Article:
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  44. added 2015-03-20
    A Multicomponential Model of Shame.Willem Martens - 2005 - Journal for the Theory of Social Behaviour 35 (4):399-411.
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  45. added 2015-03-18
    Shame and Guilt—The Unspeakablity of Violence.James Mensch - unknown
    What is the relation of shame to guilt? What are the characteristics that distinguish the two? When we regard them phenomenologically, i.e., in the way that they directly manifest themselves, two features stand out. Guilt and shame imply different relations to the other person. Their relation to language is also distinct. Guilt involves the internalization of the other, not as a specific individual, but rather as an amalgam of parents, elders, and other social and cultural authority figures.i This amalgam of (...)
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  46. added 2015-03-18
    Shame and Guilt.Michael Stocker - 2008 - In Paul Bloomfield (ed.), Morality and Self-Interest. Oxford University Press.
    Confucius, Plato, and Aristotle would agree on three propositions: genuine virtue represents a kind of second nature, a result of education such that patterns of choice become natural and predictable that would not be natural and predictable for the average person; there are patterns of gratification attendant on genuine virtue, that involve deeper values than most of the things that people pursue in life; and because of these, genuine virtue is always in a person's self-interest. The word “gratification” here is (...)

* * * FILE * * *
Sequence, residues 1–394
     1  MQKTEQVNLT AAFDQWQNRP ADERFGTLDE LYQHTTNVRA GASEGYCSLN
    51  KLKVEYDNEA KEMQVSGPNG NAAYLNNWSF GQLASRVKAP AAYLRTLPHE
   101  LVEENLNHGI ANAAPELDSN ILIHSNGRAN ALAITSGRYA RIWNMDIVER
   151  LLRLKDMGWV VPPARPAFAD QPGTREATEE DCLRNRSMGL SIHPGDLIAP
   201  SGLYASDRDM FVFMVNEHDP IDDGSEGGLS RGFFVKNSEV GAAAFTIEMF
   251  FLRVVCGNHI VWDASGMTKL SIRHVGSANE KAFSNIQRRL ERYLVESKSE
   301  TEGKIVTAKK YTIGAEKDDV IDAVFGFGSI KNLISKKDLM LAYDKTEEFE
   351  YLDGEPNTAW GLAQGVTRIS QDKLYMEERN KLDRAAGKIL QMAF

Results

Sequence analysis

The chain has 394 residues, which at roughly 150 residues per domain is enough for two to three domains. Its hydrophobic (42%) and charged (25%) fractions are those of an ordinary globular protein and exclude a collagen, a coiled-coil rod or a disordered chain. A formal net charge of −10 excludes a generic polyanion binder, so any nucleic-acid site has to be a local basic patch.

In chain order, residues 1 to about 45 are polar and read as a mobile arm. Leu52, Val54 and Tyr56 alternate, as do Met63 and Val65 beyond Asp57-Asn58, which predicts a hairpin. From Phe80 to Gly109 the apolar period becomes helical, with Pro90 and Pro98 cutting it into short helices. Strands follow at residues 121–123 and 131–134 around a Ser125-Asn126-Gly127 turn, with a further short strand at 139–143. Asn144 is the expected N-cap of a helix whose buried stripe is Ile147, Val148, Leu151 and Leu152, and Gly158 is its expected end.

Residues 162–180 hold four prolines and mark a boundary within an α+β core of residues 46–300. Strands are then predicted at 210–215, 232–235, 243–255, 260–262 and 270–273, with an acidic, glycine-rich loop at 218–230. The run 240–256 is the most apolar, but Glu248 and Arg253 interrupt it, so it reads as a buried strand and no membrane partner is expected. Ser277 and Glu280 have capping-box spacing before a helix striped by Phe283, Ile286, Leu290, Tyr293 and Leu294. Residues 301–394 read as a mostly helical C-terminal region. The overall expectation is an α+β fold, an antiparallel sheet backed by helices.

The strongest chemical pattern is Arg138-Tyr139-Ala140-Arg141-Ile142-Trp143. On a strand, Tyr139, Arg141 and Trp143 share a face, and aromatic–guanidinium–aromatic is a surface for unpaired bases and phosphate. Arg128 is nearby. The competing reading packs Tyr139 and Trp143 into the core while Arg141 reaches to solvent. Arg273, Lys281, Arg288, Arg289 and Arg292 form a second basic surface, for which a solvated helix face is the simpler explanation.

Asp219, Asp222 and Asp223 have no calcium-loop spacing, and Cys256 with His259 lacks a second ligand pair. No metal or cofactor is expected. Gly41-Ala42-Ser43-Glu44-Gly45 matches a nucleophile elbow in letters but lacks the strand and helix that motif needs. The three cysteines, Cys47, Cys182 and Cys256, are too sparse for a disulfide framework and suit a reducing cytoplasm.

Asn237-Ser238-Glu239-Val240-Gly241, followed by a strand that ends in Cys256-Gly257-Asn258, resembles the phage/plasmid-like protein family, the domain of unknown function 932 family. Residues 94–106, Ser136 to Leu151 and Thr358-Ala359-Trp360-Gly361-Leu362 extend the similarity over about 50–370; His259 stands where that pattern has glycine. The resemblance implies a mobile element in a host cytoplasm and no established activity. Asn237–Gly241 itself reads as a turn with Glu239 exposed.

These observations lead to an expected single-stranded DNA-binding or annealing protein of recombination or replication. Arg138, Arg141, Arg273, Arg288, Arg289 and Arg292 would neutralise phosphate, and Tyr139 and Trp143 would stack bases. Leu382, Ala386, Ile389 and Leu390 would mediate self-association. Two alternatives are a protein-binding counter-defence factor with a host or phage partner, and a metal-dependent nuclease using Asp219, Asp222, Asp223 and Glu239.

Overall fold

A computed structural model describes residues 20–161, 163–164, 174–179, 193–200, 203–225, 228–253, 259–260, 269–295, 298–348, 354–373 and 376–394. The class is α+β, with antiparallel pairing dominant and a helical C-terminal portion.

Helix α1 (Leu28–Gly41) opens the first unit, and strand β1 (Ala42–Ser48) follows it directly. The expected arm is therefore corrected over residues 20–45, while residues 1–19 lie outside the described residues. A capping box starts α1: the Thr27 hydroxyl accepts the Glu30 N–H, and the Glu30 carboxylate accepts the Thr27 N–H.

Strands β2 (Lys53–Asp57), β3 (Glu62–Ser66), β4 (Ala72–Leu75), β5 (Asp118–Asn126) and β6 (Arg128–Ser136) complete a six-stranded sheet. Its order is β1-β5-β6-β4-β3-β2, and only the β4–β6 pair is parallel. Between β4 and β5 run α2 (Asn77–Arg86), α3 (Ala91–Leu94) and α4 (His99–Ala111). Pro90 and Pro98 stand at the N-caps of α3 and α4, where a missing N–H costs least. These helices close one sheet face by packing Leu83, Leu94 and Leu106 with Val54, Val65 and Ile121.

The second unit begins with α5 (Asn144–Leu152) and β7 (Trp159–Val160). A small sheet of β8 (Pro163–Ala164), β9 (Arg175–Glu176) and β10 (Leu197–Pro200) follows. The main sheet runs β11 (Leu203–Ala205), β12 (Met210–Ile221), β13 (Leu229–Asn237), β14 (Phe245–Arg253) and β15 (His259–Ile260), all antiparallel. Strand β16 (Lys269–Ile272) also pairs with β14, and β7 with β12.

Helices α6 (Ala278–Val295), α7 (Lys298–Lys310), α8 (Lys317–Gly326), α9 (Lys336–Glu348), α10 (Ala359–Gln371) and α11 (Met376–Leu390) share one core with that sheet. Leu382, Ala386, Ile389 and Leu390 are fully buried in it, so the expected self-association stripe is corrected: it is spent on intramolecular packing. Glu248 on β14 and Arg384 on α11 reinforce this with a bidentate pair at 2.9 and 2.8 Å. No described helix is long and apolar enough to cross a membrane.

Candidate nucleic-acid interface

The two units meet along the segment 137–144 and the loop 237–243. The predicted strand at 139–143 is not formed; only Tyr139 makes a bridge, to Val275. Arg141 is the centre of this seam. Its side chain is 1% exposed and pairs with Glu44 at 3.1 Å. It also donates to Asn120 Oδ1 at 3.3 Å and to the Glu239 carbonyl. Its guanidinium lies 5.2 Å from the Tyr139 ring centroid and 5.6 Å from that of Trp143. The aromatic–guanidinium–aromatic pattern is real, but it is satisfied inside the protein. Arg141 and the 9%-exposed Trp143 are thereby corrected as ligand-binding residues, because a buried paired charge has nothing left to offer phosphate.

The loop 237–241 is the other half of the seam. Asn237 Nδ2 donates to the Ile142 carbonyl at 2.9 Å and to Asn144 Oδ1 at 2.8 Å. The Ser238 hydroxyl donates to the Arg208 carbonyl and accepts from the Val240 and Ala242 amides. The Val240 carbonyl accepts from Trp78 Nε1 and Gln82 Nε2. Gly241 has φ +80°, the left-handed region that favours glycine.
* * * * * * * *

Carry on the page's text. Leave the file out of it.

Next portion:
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  47. added 2015-03-18
    The Moral Relevance of Shame.Jennifer C. Manion - 2002 - American Philosophical Quarterly 39 (1):73 - 90.
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  48. added 2015-03-18
    Guilt, Shame, and Regret in the World of T.S. Garp.Johann A. Klassen - 1998 - Social Philosophy Today 13:227-247.
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  49. added 2015-03-18
    Shame as an Interpersonal Dimension of Communication Among Doctoral Students: An Empirical Phenomenological Study.Halina Ablamowicz - 1992 - Journal of Phenomenological Psychology 23 (1):30-49.
    Current conceptions of shame emphasize its negative communication value as a phenomenon of conscious experience. A tendency in our contemporary society is to view this phenomenon as an extremely disparaging and undesirable experience that every person should avoid or eliminate. It has become a cultural norm now that shame, perceived as human failure or sickness, is to be rejected, hidden, and not discussed. It is believed to stand in the way of personal progress and self-realization. The research literature mirrors not (...)
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  50. added 2015-03-18
    It's a Damn Shame.Peter French - 1989 - Social Philosophy Today 2:337-347.
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1 — 50 / 134